- An blog post by accessibility consultant Nicolas Steenhout, which has resurfaced recently. It gives his opinion of a CNET article about a paralysed woman whose 3D-printed exoskeleton allows her to “walk”. As Nicolas points out, the $150k exoskeleton holds the woman up, and moves her in a way that looks like walking, but she isn’t actually “walking”.
- The article is well worth a read, detailing some of the considerations the engineers at 3D Systems had to factor in, such as ensuring that hard parts of the exoskeleton don’t bump into parts of the body. (This wouldn’t be felt by the paralysed wearer, and would lead to bruising an abrasions that could become infected).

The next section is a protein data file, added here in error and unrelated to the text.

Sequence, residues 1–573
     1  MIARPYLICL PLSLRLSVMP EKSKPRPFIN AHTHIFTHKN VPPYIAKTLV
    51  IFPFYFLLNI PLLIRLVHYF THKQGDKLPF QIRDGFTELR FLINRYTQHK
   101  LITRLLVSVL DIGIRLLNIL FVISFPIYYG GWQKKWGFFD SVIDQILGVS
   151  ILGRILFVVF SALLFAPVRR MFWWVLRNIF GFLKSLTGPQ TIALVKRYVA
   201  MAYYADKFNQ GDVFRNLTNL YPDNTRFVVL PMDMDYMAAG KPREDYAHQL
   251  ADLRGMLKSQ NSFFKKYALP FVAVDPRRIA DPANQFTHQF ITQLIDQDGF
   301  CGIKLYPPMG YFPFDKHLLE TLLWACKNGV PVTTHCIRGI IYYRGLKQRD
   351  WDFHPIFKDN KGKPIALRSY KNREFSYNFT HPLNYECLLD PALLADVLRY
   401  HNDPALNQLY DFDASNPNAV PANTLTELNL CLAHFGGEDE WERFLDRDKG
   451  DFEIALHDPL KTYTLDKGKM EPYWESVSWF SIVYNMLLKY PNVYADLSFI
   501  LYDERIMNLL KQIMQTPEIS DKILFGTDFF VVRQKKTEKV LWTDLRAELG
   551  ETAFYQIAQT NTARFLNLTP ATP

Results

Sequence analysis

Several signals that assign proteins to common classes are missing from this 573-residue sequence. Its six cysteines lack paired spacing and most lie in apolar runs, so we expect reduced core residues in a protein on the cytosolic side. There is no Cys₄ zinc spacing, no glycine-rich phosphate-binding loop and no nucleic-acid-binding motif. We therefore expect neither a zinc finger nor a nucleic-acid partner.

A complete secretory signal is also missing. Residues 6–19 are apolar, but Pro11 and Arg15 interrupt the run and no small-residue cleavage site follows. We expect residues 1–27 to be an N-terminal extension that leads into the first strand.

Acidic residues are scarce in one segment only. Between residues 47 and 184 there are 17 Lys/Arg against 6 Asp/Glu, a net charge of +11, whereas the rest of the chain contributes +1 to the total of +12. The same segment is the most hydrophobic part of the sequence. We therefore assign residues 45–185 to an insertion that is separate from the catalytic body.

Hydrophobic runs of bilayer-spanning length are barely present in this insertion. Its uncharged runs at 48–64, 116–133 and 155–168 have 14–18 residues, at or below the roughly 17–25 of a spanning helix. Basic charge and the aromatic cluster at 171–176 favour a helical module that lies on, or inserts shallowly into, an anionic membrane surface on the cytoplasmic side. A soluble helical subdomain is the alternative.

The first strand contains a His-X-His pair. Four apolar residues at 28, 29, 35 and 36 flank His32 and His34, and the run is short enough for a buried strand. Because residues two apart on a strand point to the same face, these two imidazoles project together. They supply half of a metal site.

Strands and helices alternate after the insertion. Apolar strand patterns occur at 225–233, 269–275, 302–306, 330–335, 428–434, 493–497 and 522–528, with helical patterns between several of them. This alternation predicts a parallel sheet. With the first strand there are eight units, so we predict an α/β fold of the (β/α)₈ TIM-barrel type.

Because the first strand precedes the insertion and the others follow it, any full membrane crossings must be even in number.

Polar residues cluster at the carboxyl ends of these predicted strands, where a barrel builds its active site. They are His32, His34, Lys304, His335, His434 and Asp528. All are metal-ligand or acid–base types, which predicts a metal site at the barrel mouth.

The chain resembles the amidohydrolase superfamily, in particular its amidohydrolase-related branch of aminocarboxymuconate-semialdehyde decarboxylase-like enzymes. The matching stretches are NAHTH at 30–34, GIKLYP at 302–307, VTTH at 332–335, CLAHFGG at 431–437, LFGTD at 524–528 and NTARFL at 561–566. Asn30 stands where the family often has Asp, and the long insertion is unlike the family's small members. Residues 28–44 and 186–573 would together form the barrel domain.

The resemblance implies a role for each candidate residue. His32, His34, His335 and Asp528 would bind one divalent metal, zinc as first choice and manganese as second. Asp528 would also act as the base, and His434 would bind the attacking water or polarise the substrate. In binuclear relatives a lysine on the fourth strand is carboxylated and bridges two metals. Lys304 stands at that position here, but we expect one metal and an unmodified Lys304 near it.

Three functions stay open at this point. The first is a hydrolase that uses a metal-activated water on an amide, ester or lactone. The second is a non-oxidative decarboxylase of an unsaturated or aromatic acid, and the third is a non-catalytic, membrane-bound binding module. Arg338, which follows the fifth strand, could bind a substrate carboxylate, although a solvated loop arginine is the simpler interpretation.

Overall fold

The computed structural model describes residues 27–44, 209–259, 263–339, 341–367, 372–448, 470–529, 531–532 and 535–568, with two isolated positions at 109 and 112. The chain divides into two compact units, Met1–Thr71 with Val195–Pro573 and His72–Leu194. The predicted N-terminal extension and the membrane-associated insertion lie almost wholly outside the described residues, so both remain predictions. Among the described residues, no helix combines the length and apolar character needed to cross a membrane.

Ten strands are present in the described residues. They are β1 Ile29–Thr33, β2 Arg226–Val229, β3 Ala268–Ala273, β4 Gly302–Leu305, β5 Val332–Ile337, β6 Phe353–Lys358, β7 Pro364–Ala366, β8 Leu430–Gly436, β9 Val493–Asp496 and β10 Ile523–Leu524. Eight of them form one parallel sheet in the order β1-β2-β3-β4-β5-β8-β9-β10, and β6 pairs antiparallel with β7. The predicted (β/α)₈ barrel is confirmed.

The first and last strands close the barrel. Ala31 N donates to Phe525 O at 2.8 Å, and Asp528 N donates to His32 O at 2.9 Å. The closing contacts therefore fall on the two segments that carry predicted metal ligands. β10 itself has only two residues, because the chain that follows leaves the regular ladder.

- What I found most interesting was Nicolas’ suggestion that such developments could be considered ableist. He references a previous blog post where he debunked the idea that you need to “stand” to cook or socialise. Nicolas’ implication here is that the exoskeleton offers no benefits over a traditional electric wheelchair, other than conforming to societal norms.
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